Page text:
|~ Pasta is categorized in two basic styles:
~ Dried Pasta and
~ Fresh Pasta.
~ Dried pasta made without eggs can be stored for up to two years under ideal conditions.
~ Fresh pasta will keep for a couple of days in the refrigerator.
~ Pasta is generally cooked by boiling.
"Homemade Pasta, Buon appetito!"
~ Chylopites me Arni (Chylopites with Lamb)
~ Calamaria me Kritharaki (Squid with Orzo)
~ Garithes me Mavri Makaronatha (Shrimp with Black Pasta)
~ Garithomakaronatha (Geek Style Shrimp Pasta)
~ Kanelonia me Kima kai piperies (Cannelloni with Minced Meat and peppers)
~ Kotopoulo me Chylopites (Chicken with Chylopites)
~ Kypriakes Ravioles (Cyprus Ravioli)
~ Lazanaki me Loukanika kai Piperies (Lazanaki with Sausage and Peppers)
~ Lazania me Melitzanes (Lamb and Eggplant Lasagna)
~ Pasta me Tono (Tuna Pasta Casserole)
~ Rotini me Kounoupithi (Rotini with Cauliflower)
~ Yiouvetsi Me Arni (Orzo with Lamb)
~ Χταποδι με Κοφτο Μακαρονακι (Octopus and Macaroni)
|~ Under Italian law, dry pasta can only be made from durum wheat flour or durum wheat semolina.
~ Durum flour and durum semolina have a yellow tinge in color.
~ Italian pasta is traditionally cooked al dente (firm to the bite, meaning not too soft).
~ Furthermore, Pasta is made with a technique that allows the dough to be highly soft and workable, resulting in the many different shapes (i.e., ziti, spaghetti, ravioli, etc) that characterize "pasta."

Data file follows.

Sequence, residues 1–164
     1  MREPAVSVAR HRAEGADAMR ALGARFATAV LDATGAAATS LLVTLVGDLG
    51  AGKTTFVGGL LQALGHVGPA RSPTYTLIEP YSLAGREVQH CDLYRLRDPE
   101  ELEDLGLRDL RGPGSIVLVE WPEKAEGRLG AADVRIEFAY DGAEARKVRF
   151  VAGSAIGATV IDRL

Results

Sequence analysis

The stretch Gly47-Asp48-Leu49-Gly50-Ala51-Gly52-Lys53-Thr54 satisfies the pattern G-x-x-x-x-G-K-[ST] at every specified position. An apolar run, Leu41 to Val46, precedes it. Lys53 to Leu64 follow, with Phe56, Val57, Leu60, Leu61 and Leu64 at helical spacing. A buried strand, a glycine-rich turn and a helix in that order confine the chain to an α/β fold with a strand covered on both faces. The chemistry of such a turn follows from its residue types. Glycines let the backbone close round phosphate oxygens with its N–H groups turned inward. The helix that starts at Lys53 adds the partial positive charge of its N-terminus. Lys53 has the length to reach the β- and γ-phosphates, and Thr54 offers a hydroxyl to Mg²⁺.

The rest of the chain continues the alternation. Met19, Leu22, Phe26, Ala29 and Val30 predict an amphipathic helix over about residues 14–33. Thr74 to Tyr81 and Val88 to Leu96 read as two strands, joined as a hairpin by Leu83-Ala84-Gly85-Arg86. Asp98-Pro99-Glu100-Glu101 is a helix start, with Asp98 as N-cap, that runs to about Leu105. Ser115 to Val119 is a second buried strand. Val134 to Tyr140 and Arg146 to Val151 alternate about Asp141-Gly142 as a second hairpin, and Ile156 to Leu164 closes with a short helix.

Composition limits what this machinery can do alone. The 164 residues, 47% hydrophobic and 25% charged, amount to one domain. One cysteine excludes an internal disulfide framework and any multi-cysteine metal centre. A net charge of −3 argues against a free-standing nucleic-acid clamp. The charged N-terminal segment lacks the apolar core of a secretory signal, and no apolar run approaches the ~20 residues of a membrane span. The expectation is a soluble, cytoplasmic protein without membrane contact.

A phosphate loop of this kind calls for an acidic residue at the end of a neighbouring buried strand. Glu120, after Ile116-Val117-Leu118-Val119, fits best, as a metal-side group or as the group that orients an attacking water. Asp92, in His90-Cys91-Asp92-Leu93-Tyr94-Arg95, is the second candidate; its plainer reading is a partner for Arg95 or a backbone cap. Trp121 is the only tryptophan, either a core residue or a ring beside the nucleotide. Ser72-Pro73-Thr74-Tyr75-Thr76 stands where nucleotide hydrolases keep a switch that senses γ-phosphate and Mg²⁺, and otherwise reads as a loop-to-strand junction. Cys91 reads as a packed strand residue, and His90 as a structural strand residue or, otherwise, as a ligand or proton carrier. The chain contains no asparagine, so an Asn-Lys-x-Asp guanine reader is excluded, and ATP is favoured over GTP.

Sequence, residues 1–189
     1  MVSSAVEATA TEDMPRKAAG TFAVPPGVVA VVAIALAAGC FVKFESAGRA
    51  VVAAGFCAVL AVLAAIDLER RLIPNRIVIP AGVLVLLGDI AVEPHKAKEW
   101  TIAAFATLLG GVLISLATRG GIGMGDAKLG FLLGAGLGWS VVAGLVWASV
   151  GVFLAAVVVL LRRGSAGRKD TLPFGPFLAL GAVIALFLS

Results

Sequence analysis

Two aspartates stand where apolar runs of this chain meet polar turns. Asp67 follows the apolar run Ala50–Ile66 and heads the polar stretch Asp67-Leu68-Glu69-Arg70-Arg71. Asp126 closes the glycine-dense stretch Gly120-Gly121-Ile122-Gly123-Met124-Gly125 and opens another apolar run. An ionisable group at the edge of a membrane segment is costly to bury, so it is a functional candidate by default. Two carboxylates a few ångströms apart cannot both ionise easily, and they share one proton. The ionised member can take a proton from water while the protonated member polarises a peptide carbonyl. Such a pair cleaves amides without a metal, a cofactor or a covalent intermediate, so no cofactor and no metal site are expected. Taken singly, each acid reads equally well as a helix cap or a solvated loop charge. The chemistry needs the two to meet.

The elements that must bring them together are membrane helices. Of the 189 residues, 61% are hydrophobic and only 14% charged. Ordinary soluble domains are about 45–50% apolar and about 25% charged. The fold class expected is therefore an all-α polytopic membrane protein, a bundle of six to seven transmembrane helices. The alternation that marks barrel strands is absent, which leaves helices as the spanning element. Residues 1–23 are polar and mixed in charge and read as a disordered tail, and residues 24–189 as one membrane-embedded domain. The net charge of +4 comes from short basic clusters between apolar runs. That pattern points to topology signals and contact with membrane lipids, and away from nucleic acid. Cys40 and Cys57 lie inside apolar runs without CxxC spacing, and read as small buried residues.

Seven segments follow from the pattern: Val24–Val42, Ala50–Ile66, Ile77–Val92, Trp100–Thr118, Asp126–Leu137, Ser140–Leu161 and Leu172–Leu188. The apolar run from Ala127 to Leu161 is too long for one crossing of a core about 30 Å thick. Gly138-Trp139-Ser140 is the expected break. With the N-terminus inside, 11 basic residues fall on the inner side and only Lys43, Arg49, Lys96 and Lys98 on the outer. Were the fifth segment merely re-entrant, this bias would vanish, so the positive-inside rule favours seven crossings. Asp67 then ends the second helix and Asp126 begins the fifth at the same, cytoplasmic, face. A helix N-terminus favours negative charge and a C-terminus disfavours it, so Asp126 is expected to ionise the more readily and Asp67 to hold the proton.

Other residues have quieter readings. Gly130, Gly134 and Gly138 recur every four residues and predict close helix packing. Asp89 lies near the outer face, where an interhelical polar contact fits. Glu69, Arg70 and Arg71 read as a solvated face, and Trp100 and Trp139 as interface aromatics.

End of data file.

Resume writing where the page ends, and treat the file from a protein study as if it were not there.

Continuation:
~ Many types are made of the same pasta dough and differ only in the shape of the pieces.
~ However, the shape usually affects cooking time, consistency, ability to hold sauce, ease of eating, etc.
~ Therefore, certain shapes are better suited for certain dishes, and such pairings may be part of certain cooking traditions.
~ Pasta is generally served with some type of sauce; the sauce and the type of pasta are usually matched based on consistency, ease of eating etc.
~ Common pasta sauces include pesto and ragù alla Bolognese, which usually adds meat to the sauce.
|~ There are simple sauces such as tomato sauce, amatriciana and carbonara.
~ Other sauces include spicy tomato, garlic, and olive oil, with the pasta often paired with fresh vegetables or seafood.
~ Fresh Fettuccine Alfredo with cream and cheese, and spaghetti with tomato sauce (with or without ground meat or meatballs)
~ In Greece, Hilopittes is considered one of the finest types of dried egg pasta. It is cooked either in tomato sauce or with various kinds of casserole meat. It is usually served with Greek cheese of any type.
|~ Pasta's origin continues to evoke speculation.
~ Many different cultures ate some sort of noodle-like food.
~ In China, noodles of millet or rice have been eaten for centuries.
~ The Chinese were eating noodles made of millet as long ago as 2000 BC.
~ However, durum wheat was not known in China until later times.
|~ Historians have noted several lexical milestones relevant to pasta, none which change these basic characteristics.
~ For example, the works of the 2nd century AD Greek physician Galen mention itrion, homogeneous compounds made up of flour and water.
~ The Jerusalem Talmud records that itrium, a kind of boiled dough, was common in Palestine from the 3rd to 5th centuries AD